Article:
This show in a calm space – the parish hall of St Saviour’s – with soft light from high windows and honest, clean-swept floorboards is in a good place for an ethical purpose. A double row of portraits, professionally lit, a little like passport photographs but with black backgrounds and allowing the sitters to smile (the objective is not mere identification) is just above eye level. Just below are three lines of cards: a black row, a white row and a grey one, each carrying a few sentences about identity, national or otherwise. Of course you immediately try to match the cards with the portraits – but it’s not possible. There is much more here than first seems. Some comments are of people very much tied up in nationality, others write about universal humanity – again we are so programmed to make categories, even if we cannot link words to faces (dress would have been a give-away): but the colours of the cards are another gently mocking distraction and have no relation to any shades of opinion.
The artist Monika Fischbein explained that the participants were approached at random (possibly on the street, if this was understood correctly) and that having agreed to have their photo taken, they completed a survey of ambiguous questions about how their national identity affects their lives and impacts their overall sense of self. She said many people traced it back to such things as their name and their childhood – language and memory being some of identity’s most basic foundations. The intention is to take a ‘slice’ (she used this word rather than the more superficial ‘sample’) in different cities, and perhaps later should the project be extended, in other countries in Europe, to compare – though this risks falling into the same trap.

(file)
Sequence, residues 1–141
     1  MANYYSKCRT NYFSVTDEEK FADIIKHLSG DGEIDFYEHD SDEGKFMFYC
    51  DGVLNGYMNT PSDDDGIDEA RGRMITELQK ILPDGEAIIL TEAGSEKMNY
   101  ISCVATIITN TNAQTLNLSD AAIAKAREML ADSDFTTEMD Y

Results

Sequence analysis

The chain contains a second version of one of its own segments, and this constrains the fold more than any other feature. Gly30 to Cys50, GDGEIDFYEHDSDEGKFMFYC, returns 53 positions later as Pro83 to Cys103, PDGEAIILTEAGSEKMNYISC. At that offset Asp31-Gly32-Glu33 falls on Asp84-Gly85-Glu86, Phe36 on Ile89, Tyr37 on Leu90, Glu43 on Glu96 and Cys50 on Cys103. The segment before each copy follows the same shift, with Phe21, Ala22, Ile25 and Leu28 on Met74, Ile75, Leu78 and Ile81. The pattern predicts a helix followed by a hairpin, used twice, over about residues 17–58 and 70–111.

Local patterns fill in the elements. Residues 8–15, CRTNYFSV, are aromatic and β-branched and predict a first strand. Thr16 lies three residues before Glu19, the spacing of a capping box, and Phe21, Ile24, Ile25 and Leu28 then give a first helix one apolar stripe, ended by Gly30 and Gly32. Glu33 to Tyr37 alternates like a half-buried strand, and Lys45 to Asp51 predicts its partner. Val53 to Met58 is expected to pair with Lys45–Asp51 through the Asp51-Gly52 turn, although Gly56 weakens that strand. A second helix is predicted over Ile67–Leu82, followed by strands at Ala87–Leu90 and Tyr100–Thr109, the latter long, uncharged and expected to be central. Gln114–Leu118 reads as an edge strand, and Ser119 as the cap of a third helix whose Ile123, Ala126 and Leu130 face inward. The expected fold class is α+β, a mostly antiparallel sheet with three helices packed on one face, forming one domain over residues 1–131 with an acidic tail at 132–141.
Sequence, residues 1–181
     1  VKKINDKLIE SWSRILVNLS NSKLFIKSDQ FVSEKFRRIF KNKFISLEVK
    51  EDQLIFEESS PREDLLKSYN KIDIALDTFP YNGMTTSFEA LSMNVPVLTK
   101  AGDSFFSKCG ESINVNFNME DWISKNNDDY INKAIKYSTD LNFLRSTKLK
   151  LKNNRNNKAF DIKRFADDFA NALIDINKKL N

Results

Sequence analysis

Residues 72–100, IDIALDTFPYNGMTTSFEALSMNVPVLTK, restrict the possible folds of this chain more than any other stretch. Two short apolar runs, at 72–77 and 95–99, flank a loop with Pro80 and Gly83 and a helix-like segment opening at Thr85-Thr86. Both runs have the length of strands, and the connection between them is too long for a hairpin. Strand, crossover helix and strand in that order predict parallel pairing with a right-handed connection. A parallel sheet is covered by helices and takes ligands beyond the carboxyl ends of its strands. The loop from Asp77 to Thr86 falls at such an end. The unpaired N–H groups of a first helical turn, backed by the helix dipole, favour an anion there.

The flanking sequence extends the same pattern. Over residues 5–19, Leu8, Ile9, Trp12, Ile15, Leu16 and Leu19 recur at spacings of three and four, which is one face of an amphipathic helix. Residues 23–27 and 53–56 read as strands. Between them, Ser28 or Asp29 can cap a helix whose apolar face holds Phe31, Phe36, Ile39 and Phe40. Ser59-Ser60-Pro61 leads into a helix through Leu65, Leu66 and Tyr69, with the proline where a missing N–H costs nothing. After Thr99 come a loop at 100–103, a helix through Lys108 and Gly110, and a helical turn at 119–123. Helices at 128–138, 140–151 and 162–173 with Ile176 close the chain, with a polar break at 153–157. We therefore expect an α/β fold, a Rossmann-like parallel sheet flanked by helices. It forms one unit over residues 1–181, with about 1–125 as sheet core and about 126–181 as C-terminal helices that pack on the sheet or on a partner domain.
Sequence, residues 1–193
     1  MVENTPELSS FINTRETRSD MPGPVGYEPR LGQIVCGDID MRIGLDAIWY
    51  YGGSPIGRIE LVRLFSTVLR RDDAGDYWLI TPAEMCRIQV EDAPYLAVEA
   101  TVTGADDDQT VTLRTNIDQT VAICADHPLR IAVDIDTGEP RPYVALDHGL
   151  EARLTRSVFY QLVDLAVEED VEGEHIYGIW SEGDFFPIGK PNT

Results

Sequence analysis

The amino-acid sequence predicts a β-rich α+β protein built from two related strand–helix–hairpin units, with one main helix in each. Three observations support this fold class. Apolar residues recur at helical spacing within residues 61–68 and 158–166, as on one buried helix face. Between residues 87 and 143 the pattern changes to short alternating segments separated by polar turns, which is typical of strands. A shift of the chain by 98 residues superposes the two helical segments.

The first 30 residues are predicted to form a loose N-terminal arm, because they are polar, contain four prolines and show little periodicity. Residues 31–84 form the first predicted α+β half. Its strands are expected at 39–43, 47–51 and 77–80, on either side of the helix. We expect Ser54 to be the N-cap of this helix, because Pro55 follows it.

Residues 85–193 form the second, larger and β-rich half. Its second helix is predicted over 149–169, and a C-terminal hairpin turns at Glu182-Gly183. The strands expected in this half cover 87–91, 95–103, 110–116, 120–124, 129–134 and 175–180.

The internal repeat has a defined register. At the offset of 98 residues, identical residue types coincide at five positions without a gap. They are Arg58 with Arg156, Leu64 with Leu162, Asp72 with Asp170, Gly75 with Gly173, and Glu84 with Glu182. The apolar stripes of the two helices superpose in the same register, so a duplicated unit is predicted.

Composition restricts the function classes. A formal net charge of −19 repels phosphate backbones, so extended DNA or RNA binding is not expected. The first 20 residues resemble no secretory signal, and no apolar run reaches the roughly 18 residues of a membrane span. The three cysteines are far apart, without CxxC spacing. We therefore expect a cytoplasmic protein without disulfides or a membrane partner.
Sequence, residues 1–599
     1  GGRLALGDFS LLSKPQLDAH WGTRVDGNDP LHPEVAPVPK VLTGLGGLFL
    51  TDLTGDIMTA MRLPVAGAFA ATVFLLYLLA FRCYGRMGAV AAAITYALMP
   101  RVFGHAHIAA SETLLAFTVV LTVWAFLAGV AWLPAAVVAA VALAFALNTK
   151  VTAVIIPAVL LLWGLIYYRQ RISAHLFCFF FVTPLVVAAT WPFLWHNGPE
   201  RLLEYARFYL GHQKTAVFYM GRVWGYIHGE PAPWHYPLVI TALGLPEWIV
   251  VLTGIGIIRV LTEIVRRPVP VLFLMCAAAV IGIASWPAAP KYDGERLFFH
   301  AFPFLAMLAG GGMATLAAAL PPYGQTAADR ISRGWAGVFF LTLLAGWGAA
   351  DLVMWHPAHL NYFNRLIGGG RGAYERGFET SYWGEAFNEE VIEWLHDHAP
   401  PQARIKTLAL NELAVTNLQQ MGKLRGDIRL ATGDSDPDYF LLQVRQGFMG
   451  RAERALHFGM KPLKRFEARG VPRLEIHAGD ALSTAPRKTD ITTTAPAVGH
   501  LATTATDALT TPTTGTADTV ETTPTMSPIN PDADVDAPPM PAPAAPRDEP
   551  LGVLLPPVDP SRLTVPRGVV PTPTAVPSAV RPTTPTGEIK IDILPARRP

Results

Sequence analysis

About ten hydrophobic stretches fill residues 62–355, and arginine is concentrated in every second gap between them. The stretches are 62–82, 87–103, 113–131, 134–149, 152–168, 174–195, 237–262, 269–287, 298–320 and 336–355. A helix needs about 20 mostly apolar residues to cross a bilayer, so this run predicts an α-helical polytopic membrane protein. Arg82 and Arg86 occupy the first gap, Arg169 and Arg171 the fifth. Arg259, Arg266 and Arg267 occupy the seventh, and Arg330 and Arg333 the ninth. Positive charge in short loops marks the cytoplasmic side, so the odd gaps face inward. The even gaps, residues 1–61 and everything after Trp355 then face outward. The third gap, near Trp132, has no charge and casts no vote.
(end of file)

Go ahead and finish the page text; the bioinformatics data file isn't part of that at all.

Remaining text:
Again the first impression of another worthy attempt to monitor signs of the worsening times is wrong. This is an artwork, more truthful than all the pseudo-scientific polls determined by algorithms that isolate quantifiable causes and points out culprits. It separates out the webs binding society that have become in places so tangled through adopting a form – the unassigned cards, the portraits ranged across the wall like members of a parliament or generals in a famous war; that so is clear and rational, but on a subject that reveals both the darkest of impulses and the finest of hopes for peaceful coexistence.